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Divorce Milestones

Home > Divorce Law News  > Divorce Milestones

Divorce Milestones

Divorce Milestones

Filing, answer, discovery, mediation, depositions, trial, and more.

It is strange to think of divorce as having milestones as these are usually associated with the life of a marriage or the growth of a child. A comprehensive definition of a milestone as it refers to divorce is provided by the Cambridge English Dictionary which defines “milestone” as “an important event in the development or history of something in someone’s life.” As with other of life’s milestones, divorce has its own set of milestones as the case moves from selecting one’s attorney to the final judgment signed by a judge. Even in the case when there is a successful marital agreement arrived at during mediation, a judge will still review the agreement before finalizing the divorce. Along the way to completion, there are several milestones which point to the ongoing development of a divorce case. Each case has its own set of milestones, but for most, there are several common happenings which signify a milestone. Too, the divorce process can vary from state to state, but again there are similarities in the occurrence of milestones. The most important milestones include:
The Petition: One of the parties, usually through their lawyer, files a petition for divorce through the court located in their county of residence. This petition is served, usually by a sheriff, to the other party who will sign that the petition was received. Also known as Petition for Dissolution, Divorce Complaint, and Complaint for Divorce, the petition requests the end of the marriage between spouses, putting forth the reasons the divorce should take place. In no-fault states, there need be no reason for divorce other than a desire to be divorced. The term used in no-fault states is “the marriage is irrevocably broken,” and divorce is referred to as a “dissolution of marriage.”

The Response: In most cases, the person receiving the petition has 20 days to respond with his or her answer to the petition. Again, this is usually done with the help of an attorney. You should pay careful attention to all that the petition contains regarding timelines if other motions have been served (i.e., temporary orders), and any forms that are to be filled out at this time.

Discovery: This involves the exchange of information between parties which is relevant to their divorce. Often it is information not known by the opposing party, information crucial to the best outcome. There are five milestones for an attorney to “discover” information. These are:
• Interrogatories-a list of questions sent to the other party to be answered within 30 days. Most states have a limit as to how many questions can be asked. Information pertinent to the couple’s marriage as it relates to divorce is included such as spending habits, time spent away from home, and monetary contributions to maintaining the home.
• Disclosure – a list of specific items that the other party must provide within 30 days to the attorney representing the party asking for disclosure. This can include, bank statements, deeds to property, and credit card statements. Documents not provided in the disclosure can be asked for later in a request for production. E-mails, photos, and videos can be on the requested disclosure list.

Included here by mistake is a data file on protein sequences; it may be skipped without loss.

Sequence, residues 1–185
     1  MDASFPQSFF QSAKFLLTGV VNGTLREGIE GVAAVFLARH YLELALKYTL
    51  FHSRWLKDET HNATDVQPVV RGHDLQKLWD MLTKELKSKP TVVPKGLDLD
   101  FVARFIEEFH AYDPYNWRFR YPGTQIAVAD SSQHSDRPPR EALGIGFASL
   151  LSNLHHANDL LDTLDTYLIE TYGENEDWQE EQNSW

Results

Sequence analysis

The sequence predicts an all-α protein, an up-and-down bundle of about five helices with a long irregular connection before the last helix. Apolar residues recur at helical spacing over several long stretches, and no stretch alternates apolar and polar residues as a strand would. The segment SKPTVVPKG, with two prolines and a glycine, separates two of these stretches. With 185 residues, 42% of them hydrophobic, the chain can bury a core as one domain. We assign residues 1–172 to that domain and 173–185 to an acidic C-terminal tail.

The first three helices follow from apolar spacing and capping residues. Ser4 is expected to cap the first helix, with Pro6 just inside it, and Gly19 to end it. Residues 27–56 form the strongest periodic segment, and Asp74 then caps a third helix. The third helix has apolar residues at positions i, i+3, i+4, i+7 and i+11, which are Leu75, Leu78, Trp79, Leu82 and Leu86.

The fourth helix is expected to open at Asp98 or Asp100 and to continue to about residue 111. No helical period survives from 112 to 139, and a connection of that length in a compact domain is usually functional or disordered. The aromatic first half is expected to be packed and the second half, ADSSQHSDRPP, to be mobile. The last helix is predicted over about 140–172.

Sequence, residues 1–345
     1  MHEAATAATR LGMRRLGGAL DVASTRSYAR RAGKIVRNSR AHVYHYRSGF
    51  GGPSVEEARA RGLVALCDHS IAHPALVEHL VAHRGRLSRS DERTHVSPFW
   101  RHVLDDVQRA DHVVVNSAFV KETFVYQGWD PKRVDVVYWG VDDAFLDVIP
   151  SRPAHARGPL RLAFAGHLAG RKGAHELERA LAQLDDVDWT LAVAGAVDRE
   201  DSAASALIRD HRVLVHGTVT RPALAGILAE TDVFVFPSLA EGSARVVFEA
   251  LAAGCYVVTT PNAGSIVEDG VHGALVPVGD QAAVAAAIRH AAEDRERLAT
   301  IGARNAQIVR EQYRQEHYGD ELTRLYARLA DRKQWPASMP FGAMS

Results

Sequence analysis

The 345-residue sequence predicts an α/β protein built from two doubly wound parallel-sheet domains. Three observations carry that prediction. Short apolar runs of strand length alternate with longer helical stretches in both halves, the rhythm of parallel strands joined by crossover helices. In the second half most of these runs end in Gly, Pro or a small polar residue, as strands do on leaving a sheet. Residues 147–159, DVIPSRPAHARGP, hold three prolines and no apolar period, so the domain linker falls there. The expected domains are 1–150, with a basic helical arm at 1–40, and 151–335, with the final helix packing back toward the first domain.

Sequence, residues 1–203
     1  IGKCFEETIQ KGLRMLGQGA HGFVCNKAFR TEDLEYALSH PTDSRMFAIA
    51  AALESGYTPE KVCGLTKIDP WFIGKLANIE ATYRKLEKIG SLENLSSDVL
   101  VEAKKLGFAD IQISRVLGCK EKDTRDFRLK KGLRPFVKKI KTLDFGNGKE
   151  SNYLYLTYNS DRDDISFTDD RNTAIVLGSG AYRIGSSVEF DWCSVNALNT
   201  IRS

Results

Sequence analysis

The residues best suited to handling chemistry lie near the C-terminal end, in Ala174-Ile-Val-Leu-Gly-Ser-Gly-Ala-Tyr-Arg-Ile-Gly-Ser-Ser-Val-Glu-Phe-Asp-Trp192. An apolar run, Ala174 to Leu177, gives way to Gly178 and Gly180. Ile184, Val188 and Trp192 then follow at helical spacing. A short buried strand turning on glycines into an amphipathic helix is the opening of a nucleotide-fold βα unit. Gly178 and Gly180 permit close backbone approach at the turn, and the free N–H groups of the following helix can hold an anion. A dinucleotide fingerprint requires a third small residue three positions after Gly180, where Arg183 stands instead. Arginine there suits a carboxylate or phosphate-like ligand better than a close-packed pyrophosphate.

• Request for Production – is a request for documents from the opposing party that are pertinent to the divorce case. Each item to be inspected must be separately identified. Examples are papers proving job loss, business ledgers, and documents which will be used by an expert witness when called on for an opinion of the documents.
• Deposition – taking a sworn statement from the opposing party and any person who will be used as a witness. Whatever is said in a deposition can be used in court should the case not be settled in mediation and go to court.

• Admission of fact – a written list of facts is given to the other party who must then deny or admit the facts as truth. An example would be “Is it true or false you been taking money from our savings to pay gambling debts”.

Negotiated Settlement is of three kinds, mediation, arbitration, and alternative dispute resolution. All these keep the case out of a public courtroom. Mediation is the most popular as it allows the couple to have control of how their divorce will be settled.

The trial happens when the parties cannot agree and so a judge must decide how it will all end. He or she will determine alimony, the care and nurturing of minor children often referred to as parental time sharing, child support, equal or equitable distribution of marital assets and liabilities (debts) and any other issues resulting from the marriage which need to be resolved.

Milestones in a divorce are there to provide a sense of progression as the case moves toward the final outcome. A competent Family Law attorney will know how to address each milestone for the best use of information, testimony, and evidence. For more information, if you live in Palm Beach, Martin, St. Lucie, Miami Dade, Broward, Orange or Hillsborough counties in Florida or in New York or Washington DC you can call the office of Attorney Grant Gisondo at (561) 530-4568 to set up an appointment for a free, initial, in-office consultation where Attorney Gisondo will meet with you to answer questions and share how he can help. His office hours are Monday through Friday from 9:00 AM to 5:00 PM and, for new clients, Saturday from 8:30 AM to 1:00 PM.